Function Notation

**Function Notation**

When a function is expressed as an equation, it is often written as "*f*(*x*)." In creating a table of values for an equation, for example *y* = 5*x* - 1, we use this rule, "multiply by five and subtract one" to transform an input *x* value into the one resulting *y* value. By giving the expression "multiply by five and subtract one" the name *f*, we have an easy way to show that we're applying the rule to different numbers and variables.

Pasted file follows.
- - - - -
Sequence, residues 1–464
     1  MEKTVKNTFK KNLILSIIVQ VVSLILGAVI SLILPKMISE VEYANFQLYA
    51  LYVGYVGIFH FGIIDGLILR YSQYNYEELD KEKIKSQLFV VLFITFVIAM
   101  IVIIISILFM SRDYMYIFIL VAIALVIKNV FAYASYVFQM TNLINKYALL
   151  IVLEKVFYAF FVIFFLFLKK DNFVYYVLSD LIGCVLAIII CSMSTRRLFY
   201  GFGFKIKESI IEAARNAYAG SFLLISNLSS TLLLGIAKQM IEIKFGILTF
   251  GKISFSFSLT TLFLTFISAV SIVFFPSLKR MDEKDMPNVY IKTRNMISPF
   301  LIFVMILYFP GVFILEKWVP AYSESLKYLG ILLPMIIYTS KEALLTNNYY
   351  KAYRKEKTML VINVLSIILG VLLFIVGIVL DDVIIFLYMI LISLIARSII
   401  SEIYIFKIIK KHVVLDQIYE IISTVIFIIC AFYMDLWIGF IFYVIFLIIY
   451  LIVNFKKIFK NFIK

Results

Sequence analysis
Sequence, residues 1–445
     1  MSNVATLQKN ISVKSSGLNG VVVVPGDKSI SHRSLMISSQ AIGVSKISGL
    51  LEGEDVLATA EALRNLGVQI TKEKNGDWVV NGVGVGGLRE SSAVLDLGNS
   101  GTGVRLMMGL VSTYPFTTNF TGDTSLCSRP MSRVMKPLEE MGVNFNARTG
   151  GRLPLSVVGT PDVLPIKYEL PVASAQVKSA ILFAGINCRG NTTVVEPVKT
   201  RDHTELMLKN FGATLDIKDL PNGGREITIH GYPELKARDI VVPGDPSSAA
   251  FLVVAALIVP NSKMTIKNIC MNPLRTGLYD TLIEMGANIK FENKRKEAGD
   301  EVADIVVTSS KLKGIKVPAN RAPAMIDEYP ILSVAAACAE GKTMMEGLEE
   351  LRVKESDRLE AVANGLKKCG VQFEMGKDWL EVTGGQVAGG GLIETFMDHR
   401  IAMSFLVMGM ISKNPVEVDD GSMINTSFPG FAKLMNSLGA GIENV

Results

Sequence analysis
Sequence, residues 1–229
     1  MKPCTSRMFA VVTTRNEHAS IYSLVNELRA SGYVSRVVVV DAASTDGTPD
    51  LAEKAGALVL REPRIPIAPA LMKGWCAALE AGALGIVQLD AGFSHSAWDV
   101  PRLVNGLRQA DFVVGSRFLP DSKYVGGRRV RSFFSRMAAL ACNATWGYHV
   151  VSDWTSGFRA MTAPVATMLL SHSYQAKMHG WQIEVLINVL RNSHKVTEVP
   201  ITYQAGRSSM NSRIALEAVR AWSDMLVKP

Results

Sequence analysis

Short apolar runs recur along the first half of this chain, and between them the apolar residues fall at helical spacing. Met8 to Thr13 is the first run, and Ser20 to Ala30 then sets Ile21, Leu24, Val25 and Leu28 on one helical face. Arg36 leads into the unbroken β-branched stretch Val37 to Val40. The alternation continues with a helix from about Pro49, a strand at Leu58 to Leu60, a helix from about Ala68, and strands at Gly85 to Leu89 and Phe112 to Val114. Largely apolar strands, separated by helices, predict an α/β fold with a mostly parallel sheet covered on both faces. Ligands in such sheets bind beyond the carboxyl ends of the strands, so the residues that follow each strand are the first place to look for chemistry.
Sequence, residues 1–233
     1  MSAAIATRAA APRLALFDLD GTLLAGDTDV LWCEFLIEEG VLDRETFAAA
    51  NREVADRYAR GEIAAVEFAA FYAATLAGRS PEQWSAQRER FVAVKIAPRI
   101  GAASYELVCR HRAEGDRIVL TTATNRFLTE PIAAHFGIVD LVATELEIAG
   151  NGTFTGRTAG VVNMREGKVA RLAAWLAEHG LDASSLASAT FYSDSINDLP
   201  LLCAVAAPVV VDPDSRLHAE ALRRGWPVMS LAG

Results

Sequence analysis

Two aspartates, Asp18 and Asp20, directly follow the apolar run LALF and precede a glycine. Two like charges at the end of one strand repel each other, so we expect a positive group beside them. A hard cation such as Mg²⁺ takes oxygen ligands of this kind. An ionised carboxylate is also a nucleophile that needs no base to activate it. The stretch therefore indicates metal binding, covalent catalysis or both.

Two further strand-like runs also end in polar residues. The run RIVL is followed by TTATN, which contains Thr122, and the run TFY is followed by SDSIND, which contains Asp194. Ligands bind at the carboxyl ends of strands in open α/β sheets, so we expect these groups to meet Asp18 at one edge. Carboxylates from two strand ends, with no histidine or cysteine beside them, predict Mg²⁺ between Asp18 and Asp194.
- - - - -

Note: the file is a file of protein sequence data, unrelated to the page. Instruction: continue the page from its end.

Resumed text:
In general, the symbol *f*(*x*) replaces *y* and is read as *f* of *x*, which does not mean *f* times *x*. It means the value of expression *f* for a given value of *x*.

**Example**

Evaluate the function for the given value of the variable.

*f*(*x*) = 5*x* - 1 when *x* = 3

**Graphing a Linear Function**

Since the function notation lets us write *f*(*x*) instead of *y*, the graph of a function *f* is the set of all points (*x*, *f*(*x*)), where *x* is in the domain of the function.

**Example**

Graph *f*(*x*) = 5*x* - 1 and find the value of *f*(3) by using the graph.

The *y*-intercept is -1 and the slope is 5. When *x* = 3, *y* equals 14. This confirms the answer found in the previous example.